Penlite AA batteries: alkaline, lithium, Ni-MH or Li-ion?
The AA battery is perhaps the most widely used battery we know. From remote controls to clocks, you can find them in everything. However, a lot of people don't get any further than “rechargeable AA” and the “normal” ones, even though there are actually two other options. Each has its own advantages and disadvantages.
Alkaline AA batteries
Of the AA batteries we all know so well, alkaline batteries are by far the most commonly used. They're very cheap, and available for sale on almost every street corner. Alkaline batteries aren't rechargeable, but due to their relatively low price, that isn't such a big problem. What you do have to watch out for is leakage. If you leave your alkaline batteries in a flashlight for a long time, you run the risk of battery leakage. If the light also demands a lot from the batteries - such as high-power LED flashlights with more than 1000 lumens - the risk of leakage increases significantly. So check your batteries regularly and replace them in time, or preventively if necessary.
When people talk about rechargeable AA batteries, they're usually referring to NiMH batteries. They're slightly more expensive than alkaline batteries, but they are rechargeable, making them a better option for intensive use. They do suffer from slight self-discharge, so we highly recommend that you use and charge these regularly as well. Fortunately, you won't have to deal with any leakage.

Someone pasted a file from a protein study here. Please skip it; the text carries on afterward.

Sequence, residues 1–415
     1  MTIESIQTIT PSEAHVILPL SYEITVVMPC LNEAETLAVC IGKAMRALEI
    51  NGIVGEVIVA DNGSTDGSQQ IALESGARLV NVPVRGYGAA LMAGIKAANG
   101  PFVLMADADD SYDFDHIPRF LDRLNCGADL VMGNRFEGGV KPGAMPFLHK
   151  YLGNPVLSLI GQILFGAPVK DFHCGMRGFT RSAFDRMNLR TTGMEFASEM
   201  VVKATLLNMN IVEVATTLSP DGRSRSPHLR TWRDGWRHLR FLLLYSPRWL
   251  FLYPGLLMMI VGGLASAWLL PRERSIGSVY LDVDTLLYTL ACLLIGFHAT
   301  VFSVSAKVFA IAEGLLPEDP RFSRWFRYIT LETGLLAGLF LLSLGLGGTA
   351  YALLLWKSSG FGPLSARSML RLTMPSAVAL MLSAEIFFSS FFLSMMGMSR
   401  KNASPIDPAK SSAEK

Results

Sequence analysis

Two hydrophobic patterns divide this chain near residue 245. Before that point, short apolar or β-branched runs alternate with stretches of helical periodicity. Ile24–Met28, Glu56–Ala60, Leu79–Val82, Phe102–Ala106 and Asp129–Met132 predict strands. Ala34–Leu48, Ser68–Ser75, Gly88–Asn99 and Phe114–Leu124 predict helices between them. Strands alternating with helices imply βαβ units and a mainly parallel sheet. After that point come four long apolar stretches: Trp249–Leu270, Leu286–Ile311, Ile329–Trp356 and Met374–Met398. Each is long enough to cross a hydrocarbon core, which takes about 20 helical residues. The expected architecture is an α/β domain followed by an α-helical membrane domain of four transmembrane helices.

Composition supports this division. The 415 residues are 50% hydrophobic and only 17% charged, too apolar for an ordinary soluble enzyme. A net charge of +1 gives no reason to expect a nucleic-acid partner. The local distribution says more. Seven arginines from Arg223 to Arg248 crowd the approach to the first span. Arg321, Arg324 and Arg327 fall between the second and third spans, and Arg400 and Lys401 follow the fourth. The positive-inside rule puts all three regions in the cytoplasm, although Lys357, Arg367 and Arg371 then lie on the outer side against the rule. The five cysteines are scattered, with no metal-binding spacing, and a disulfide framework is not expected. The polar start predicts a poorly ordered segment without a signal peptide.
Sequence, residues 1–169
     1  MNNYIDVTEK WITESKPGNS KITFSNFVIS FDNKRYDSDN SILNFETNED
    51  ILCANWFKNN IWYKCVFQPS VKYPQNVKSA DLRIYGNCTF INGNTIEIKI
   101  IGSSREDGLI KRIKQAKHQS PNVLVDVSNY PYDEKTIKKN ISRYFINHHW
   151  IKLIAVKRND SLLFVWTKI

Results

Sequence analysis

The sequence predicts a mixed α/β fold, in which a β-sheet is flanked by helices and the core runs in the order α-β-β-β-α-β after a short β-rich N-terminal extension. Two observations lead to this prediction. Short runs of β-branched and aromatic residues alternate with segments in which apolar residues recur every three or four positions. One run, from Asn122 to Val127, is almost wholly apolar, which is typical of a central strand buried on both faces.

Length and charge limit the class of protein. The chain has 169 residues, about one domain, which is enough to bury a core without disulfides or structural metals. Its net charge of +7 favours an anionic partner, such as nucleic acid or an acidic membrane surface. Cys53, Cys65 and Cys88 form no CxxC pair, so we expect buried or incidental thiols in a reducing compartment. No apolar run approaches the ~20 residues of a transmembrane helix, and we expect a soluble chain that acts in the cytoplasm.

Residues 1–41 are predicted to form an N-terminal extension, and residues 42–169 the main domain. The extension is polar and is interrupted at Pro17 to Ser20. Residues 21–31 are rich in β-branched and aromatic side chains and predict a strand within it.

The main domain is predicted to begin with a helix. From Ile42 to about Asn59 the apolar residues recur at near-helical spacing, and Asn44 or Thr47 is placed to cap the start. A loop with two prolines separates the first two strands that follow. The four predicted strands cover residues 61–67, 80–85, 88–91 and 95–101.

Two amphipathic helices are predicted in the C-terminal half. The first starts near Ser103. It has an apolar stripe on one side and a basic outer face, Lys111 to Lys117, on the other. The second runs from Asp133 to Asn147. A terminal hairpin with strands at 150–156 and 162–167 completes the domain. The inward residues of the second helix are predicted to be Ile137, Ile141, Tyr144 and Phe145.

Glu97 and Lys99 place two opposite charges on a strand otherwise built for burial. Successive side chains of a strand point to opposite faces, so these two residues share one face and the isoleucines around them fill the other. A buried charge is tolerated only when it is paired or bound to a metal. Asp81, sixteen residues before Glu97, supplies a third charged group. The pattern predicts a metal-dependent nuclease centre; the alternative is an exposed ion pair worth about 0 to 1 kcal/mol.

Lithium AA batteries
Lithium AA batteries have higher strength and capacity than alkaline batteries. In addition, they hold their voltage for up to 12 years without self-discharge, and they also perform really well at very low temperatures. Battery leakage is also a lot less common, which makes them a good choice for lights that are used sporadically, like an emergency flashlight in your meter box or in the glove compartment of your car. However, lithium batteries are not rechargeable, and are somewhat pricier than the alkaline version. Some lights need lithium batteries to achieve their maximum light intensity. Just check carefully whether your flashlight can handle lithium batteries before you use them.
Li-ion AA batteries: 14500 batteries
There is an exotic alternative for flashlight users who value performance above all else: the Li-ion AA battery. Better known as the 14500 battery. They provide lots of power and are rechargeable, making them an attractive and economical choice for intensive use. They don't leak, and they have a high capacity. But you do have to bear the following in mind: 14500 batteries like to be used regularly. Are you planning to put a 14500 battery away for longer than 4 months? Then you'll have to use it and recharge it in the meantime. They stay at their best when used regularly. So they deliver more power, but they don't maintain it for as long. To prevent damage, always check carefully beforehand whether your flashlight can handle 14500 Li-ion cells.